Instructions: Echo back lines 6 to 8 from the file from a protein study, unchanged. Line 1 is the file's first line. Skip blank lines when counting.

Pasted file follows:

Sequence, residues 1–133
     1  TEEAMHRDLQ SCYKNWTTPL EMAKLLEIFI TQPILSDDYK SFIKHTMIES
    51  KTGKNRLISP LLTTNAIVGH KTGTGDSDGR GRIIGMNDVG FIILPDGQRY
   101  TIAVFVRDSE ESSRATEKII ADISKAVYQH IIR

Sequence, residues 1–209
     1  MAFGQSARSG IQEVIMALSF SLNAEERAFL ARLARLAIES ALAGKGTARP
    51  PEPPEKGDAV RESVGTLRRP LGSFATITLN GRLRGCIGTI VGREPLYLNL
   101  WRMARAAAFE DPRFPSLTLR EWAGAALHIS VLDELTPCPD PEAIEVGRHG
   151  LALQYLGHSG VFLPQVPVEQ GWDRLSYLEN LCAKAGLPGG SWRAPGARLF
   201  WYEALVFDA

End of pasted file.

     1  MAFGQSARSG IQEVIMALSF SLNAEERAFL ARLARLAIES ALAGKGTARP
    51  PEPPEKGDAV RESVGTLRRP LGSFATITLN GRLRGCIGTI VGREPLYLNL
   101  WRMARAAAFE DPRFPSLTLR EWAGAALHIS VLDELTPCPD PEAIEVGRHG